Despite being home to a high frequency of natural catastrophes, re/insurance penetration remains low across much of Asia, but as risk accumulation and demand for protection rises, there’s an opportunity for the catastrophe bond market, according to Peak Re’s CEO, Franz-Josef Hahn.
Hong Kong-based reinsurer Peak Re entered the cat bond market for the first time in 2022, sponsoring a $150 million Japan typhoon transaction, Black Kite Re Limited.
It was only the second cat bond structure to have been located in Hong Kong since the special administrative region of China enacted its special purpose reinsurance vehicle and insurance-linked securities (ILS) regulations.
In an interview with Artemis, the company’s CEO, Hahn, explained that the deal shouldn’t be a one-off and that Peak Re is certainly interested in leveraging the sector.
“It depends on where we have the opportunities, but we see it as part of our retro buying. We are practical about this and openly agree that it’s part of our strategy,” said Hahn.
He explained that within the property catastrophe space, where Peak Re sees various opportunities, it is eager to work on products and explore how to make them attractive to institutional buyers.
Asia is well known as the region with a higher frequency of natural catastrophe events than anywhere else in the world, but it also has low payouts as a result of very low re/insurance penetration rates in many markets.
Slowly, the tide is starting to turn, though, and insurance and reinsurance growth is occurring across the region, which means increased accumulations will flow to re/insurance books.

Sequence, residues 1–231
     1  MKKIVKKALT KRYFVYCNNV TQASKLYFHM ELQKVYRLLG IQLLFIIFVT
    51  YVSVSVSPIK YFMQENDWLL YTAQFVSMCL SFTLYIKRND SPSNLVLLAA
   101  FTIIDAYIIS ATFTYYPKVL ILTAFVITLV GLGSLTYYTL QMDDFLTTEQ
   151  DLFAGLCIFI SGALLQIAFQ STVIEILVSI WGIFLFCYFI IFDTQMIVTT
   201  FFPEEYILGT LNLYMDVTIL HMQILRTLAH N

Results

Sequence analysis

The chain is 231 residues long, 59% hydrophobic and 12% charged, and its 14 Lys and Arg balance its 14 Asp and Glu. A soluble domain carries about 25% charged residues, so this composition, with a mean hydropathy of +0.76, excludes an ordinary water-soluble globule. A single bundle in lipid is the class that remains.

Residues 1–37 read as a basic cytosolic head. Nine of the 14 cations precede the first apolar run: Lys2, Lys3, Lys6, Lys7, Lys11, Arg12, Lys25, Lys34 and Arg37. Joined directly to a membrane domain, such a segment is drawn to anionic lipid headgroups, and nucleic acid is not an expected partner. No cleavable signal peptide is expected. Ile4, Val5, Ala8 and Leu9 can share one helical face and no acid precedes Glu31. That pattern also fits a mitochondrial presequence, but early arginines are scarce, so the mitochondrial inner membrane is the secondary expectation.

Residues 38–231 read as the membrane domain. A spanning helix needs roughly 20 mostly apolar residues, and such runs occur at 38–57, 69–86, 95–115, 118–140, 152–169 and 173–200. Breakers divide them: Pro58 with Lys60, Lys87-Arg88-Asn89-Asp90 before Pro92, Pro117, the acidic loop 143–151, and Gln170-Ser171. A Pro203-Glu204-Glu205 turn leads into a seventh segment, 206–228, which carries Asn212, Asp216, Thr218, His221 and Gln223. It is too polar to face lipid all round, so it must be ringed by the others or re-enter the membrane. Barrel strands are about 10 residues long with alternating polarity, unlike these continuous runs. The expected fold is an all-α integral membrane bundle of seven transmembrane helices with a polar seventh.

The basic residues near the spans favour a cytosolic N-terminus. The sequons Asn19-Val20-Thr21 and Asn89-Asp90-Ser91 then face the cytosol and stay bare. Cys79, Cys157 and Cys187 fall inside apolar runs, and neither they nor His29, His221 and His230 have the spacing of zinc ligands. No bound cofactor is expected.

“That certainly gives future opportunities for raising cat bonds, on basically most perils where you can really satisfy the capital markets with transparent information,” said Hahn.
“Certainly, we keep our eyes and ears open as to how we can structure it. We are very eager to do this. We always want to be at the forefront in Asia in being agile and utilising international standards,” he added.
While the need for protection and demand is growing on the one hand, on the other hand, interest in ILS and cat bonds from the Asian investment community is lagging, especially when compared with the US and other markets.
“Of course, the Asian markets have fantastic capital markets which have been growing over the past 30 years, but would they invest into cat bonds? I think that’s partially due to education and making it attractive.
“Asian investors, typically, want to test the waters first. They prefer to observe and gather information before taking action. This approach requires some time before they decide to get involved,” explained Hahn.
In fact, only a small minority of the investors in Peak Re’s debut cat bond derived from Asia.
“But that’s also why we are here in Hong Kong. We keep on with these discussions with regulators, we keep discussions with capital markets, and with the banks who could be supportive in this method. And also, the broker community, just to try to increase the availability from the cat markets in Asia.
“That’s part of our ambition. We would like to see, perhaps in 10 or 20 years’ time, a much greater participation from Asian markets. But launching a cat bond in Hong Kong or Singapore today, and the majority of the capital comes from the US or other markets, it doesn’t make a difference, at least not much,” said Hahn.
Perhaps a sign of things to come, not too long after Peak Re’s cat bond issuance, the World Bank launched a $350 million Chile earthquake, IBRD – Chile 2023, in Hong Kong, which was the first cat bond to be listed on the Hong Kong Stock Exchange.
“So, that keeps us busy, that keeps us thinking about it, which is great. But it’s certainly an attractive place to do so, and it certainly helps the investors to start thinking about it,” concluded Hahn.